Friday, October 14, 2022

Review: 'The Monster' (1925) DVD

In 1959, Crane Wilbur directed an excellent adaptation of Mary Roberts Rinehart's old dark house stage play The Circular Staircase. 34 years earlier, Roland West did the same for Wilbur's own old dark house play The Monster

While lacking the charm of Wilbur's film, The Bat, and indulging in a host of hoary horror cliches and such period groaners as a nefarious character in blackface (and torso) and a depiction of mental illness that would not earn a thumbs up from the APA, The Monster has certain things to recommend it. Most obviously, there's Lon Chaney as the title character, not a supernatural beastie but a mad scientist with a penchant for torture and the kooky scheme to transfer souls between his captives. Yes, there are the requisite rainstorms and hands reaching out from nowhere that no ODH picture can do without, but there are also some truly impressive circus stunts at the climax of the film. 90 minutes of this stuff feels nearly endless, but there are worse ways to spend your time during Halloween season.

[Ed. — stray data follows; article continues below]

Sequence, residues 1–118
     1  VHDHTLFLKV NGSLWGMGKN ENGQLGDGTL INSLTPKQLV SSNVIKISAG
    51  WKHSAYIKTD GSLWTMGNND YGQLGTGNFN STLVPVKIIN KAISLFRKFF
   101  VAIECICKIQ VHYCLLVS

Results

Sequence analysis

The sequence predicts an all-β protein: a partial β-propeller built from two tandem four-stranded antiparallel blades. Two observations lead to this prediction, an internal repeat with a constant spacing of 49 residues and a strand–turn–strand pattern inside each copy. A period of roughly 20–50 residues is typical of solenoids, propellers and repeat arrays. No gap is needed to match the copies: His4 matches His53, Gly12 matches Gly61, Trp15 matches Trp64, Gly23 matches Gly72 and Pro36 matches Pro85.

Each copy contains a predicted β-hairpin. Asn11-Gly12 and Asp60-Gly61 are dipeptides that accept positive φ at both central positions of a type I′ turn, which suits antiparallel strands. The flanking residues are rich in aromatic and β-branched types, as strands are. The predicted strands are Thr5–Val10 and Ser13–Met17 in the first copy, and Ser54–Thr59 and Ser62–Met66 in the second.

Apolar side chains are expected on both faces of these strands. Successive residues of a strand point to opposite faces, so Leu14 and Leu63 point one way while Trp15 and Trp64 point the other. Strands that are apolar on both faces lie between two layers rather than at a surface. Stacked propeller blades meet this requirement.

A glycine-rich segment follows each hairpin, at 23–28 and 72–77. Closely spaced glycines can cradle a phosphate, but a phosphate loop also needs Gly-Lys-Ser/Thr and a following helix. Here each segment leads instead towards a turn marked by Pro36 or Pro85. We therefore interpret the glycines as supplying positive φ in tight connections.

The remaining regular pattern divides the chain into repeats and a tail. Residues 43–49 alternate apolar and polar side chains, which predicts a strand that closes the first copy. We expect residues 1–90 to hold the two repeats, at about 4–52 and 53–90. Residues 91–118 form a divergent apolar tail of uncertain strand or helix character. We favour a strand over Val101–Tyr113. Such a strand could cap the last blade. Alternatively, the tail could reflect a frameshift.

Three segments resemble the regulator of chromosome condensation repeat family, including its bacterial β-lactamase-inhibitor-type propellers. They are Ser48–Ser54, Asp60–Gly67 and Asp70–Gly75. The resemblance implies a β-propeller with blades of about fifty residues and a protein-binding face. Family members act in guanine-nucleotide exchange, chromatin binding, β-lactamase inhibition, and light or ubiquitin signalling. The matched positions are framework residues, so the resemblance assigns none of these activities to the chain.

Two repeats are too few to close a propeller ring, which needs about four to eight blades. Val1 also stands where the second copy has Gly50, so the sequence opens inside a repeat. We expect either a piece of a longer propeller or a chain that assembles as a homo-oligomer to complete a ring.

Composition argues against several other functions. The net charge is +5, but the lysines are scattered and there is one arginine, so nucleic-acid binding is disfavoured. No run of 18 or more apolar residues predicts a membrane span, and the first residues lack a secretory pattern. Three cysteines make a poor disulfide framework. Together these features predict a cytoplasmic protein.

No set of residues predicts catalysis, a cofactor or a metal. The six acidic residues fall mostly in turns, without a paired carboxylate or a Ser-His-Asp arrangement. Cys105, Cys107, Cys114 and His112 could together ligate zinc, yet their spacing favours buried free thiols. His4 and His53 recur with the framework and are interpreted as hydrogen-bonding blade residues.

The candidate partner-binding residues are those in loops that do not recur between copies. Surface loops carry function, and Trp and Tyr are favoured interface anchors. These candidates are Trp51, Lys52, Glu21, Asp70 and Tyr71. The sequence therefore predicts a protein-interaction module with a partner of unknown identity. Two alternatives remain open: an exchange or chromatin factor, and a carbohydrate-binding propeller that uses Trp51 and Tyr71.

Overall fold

Now you can spend it with Reel Vault's new DVD edition of The Monster. The image is incredibly clean. You'd be hard pressed to find much in the way of scratches, flecks, or other flaws in this 97-year-old movie. There are some stability problems with the brightness, which pulses throughout the film, but none worth mentioning with the grain. Keith Taylor's piano soundtrack is effective enough but nearly identical to (or identical to, I honestly can't tell) his one for Reel Vault's Nosferatu Blu-ray.

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